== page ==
John Borkowski candidly admits that he and his wife never sat down to talk about what they could do to offer their children the role models they wanted them to emulate.
And if these parents didn't do this as part of an organized method of raising responsible, moral children, it's a safe bet that few of the rest of us have.
Borkowski, a psychologist at the University of Notre Dame, is one of the country's leading experts on child development. He co-chaired the conference on "Parenting and the Child's World" that was held the past two days by the National Institute of Child Health and Human Development and by the Robert Wood Johnson Foundation.
Both he and co-chair Sharon Landesman Ramey, a developmental psychologist at the University of Alabama, say the conference comes at a time of unprecedented thirst among parents for information on how to influence their children's lives in important ways. "There is a general feeling of growing helplessness," Borkowski says. The conference gathered some of the country's leading behavioral, social and genetic researchers to set out what is well-established about the influence of parents in raising children and what is controversial and to develop an agenda for further research.
"Most parents don't have a very organized and complex model of parenting," Borkowski says. "Parenting is never thought about in a very detailed way before marriage or even during pregnancy and after a child is born. We only talk about parenting as a crisis unfolds. Rarely do we talk about what we can do to make sure the child is ready for school, how to make the child socially competent. I think the biggest gap in American culture is the failure of parents to develop their own model for how to parent their child and how to combat the negative forces in society."
While we pay attention to intellectual and social development, we neglect emotional development, he says. When a child is angry or sad, our first thought is to get rid of those emotions and make the child feel better. But he cites research that has found that when parents use these moments to foster emotional health in their children, it can lead to strong attachment between parent and child. "It's an important finding the public is not aware of," Borkowski says. "These are important moments for the child to come to grips . . . for the child to learn to live with it and soothe themselves."
Say an 8-year-old is feeling sad because his best friend has moved away. "The parent should let the child experience the emotion and help the child change the emotion," he says. Be with your child and give the child time to figure out that he can remain in contact with his friend through e-mail, for example. "You want the child to come up with these ideas."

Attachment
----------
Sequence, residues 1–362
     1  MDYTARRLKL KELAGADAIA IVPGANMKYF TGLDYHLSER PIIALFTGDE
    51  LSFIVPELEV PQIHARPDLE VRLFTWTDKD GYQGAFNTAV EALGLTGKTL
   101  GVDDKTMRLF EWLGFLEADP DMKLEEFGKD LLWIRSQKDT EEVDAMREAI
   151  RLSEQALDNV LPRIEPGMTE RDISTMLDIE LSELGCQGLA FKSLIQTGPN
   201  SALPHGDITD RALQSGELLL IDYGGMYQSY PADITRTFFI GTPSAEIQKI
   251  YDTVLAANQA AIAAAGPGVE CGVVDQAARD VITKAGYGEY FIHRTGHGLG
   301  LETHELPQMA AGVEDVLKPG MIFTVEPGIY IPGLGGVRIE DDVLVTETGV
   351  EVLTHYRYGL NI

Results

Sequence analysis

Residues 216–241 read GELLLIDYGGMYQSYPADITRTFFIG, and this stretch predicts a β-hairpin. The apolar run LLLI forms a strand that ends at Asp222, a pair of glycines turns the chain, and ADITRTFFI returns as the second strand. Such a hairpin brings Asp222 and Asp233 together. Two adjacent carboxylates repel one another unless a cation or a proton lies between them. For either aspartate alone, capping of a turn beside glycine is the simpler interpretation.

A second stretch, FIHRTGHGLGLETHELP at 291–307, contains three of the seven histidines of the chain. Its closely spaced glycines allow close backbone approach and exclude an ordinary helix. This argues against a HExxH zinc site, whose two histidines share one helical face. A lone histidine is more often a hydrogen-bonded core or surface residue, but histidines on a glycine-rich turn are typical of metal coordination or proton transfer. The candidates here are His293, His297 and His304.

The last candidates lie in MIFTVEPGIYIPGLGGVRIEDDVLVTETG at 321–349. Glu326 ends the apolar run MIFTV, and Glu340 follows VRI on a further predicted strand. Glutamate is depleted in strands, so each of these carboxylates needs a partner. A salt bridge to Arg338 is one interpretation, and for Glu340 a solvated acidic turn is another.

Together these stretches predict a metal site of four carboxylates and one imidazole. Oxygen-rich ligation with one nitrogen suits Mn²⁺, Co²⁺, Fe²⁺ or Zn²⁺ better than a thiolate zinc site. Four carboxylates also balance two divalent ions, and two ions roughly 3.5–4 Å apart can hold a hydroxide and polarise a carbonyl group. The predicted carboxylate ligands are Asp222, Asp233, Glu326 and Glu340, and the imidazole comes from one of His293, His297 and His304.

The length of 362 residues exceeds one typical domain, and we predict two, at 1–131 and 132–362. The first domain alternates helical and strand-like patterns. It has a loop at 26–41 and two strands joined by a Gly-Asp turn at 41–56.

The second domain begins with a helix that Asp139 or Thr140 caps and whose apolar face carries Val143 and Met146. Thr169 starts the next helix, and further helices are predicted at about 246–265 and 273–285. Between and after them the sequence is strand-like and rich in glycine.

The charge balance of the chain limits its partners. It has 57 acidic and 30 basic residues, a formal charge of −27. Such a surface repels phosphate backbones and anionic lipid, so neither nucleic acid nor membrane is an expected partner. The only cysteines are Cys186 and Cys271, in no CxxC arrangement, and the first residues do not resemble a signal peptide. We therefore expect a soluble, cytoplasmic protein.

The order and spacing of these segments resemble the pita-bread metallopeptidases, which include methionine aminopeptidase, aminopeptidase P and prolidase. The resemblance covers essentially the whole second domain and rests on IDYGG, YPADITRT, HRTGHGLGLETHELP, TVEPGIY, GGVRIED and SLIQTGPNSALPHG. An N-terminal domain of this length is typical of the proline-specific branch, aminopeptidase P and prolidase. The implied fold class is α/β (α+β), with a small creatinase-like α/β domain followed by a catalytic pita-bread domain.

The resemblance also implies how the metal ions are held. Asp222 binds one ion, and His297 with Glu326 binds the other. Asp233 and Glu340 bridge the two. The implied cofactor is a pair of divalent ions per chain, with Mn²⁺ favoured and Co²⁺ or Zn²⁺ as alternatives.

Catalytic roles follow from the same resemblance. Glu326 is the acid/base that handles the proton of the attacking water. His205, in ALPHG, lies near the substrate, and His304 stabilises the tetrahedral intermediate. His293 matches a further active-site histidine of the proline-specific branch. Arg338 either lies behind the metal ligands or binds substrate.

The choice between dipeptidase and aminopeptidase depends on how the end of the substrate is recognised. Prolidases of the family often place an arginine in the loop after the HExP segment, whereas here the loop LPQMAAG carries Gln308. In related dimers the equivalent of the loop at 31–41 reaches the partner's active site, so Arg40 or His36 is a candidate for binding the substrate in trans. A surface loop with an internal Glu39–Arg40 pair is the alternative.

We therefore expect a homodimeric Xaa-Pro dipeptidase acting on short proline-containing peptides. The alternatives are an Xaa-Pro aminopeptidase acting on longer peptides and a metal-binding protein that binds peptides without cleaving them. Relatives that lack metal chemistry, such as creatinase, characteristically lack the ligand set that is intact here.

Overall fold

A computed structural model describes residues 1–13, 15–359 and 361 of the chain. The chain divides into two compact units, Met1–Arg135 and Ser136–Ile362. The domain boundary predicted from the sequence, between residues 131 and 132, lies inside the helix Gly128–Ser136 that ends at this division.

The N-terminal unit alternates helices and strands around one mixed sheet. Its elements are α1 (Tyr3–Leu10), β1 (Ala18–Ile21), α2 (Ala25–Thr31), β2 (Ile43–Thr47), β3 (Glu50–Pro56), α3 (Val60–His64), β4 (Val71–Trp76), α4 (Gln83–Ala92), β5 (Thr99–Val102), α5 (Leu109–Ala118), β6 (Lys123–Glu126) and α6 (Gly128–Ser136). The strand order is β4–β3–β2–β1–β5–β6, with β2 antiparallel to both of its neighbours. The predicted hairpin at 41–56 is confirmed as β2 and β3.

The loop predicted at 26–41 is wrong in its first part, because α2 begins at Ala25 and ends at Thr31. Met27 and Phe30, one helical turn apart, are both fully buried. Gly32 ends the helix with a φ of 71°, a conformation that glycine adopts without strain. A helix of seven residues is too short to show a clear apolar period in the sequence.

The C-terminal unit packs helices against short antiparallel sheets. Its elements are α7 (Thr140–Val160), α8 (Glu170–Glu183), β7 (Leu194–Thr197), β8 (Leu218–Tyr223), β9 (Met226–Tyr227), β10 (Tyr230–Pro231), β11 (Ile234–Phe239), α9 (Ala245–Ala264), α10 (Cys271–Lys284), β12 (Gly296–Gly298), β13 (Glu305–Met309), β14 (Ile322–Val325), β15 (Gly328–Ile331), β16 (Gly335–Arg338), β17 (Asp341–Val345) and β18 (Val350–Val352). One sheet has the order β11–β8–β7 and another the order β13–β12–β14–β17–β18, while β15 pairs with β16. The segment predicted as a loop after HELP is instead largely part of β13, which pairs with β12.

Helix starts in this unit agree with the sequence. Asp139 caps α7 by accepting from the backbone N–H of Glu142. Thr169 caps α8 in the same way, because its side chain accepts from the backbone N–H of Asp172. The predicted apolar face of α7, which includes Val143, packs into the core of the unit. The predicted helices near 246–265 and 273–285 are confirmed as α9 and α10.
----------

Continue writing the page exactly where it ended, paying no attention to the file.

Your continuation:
He and other experts are now giving very poor marks to both the permissive and the authoritarian modes of parenting, both of which contribute to aggressive behavior, he says. What works best, Borkowski says, is the "authoritative" model in which parents are loving, set limits and change them as the child matures, establish goals and expectations and move toward them. "The key job of parents is to give emotional, cognitive and social regulation," he says. "When children don't have those, they are more likely to be antisocial and aggressive."
The understanding of how parents can affect children is being tremendously enriched by very large long-term studies that are now coming to fruition, Ramey says. This new brand of research looks at children from birth through adulthood and measures a whole range of outcomes in the child -- not just how smart he is, for example. She and her husband, Craig, are co-authors of a new book, "Going to School," in which they studied 12,000 children to determine how parents can help children between ages 3 and 8 succeed in school.
"Parent involvement in children's school, reading to children, makes a huge difference," Ramey says. "Parents actively encouraging their children to explore and to be curious are actively promoting that inquisitiveness. The child carries it forth into new situations where parents aren't there, ultimately leading to children being better informed and making better judgments about their behavior.
"That's very different from an authoritarian parent who says do what I say, don't think on your own," Ramey says. "Some people think a child asking too many questions is not polite or respectful." Parents whose children are intimidated by authority don't do well in school, she says. "Teachers see them as not as bright and not as eager to learn."
Among the programs that have now been extensively studied is one called "Fast Track." "It is a multi-pronged strategy that helps teachers better cope with aggression and anti-social behavior in the classroom, works directly with parents and children to improve parenting practices and works with peers in the classroom," she says. "This is a multi-year program with fairly high-risk children who without this are likely to not do very well and to cause trouble. The results look very encouraging that this kind of coordinated effort can be effective.
"For a long time we've known that children in very high-quality preschool education become more skilled socially and intellectually and bring out better parenting behavior," she says. A follow-up study of very high-risk children done in 1999 found that "there are benefits all the way into adulthood. They have been having lower rates of pregnancy, higher rates of graduation, higher employment, more going on to college."
One outcome of the conference will be a book for professionals. Another will be a brochure for parents on what Borkowski calls "active and responsible parenting."
We know a lot more than we used to about how parents can raise children who will be an asset to society, whether they are born to poverty or to affluence. And it is time to get that information into the hands of parents who are so hungry for it.